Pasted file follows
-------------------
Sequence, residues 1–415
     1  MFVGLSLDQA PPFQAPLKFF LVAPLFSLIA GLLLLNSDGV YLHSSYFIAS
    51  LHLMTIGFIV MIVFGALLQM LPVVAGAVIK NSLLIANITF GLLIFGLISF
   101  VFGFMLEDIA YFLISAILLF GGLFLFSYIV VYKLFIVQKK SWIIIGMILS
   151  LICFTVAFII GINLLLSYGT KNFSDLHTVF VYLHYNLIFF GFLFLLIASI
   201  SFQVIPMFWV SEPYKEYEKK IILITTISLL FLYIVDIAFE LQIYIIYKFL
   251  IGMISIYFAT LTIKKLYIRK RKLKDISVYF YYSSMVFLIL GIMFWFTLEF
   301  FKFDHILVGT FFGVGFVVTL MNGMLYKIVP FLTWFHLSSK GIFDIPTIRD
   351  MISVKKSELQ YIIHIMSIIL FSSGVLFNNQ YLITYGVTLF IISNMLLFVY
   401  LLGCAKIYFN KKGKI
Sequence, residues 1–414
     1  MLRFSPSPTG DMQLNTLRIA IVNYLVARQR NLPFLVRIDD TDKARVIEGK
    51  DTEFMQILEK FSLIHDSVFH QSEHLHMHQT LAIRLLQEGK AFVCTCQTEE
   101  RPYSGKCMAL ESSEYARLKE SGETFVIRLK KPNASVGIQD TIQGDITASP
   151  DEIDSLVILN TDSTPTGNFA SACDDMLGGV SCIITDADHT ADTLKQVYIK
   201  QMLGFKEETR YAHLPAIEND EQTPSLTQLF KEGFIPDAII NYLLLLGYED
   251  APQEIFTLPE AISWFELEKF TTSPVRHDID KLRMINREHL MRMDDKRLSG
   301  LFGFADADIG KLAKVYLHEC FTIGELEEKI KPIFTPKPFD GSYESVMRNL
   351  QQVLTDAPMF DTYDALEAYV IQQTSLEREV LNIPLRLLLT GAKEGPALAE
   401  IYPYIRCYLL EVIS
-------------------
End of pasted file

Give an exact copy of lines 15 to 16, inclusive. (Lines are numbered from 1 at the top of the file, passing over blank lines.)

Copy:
   151  DEIDSLVILN TDSTPTGNFA SACDDMLGGV SCIITDADHT ADTLKQVYIK
   201  QMLGFKEETR YAHLPAIEND EQTPSLTQLF KEGFIPDAII NYLLLLGYED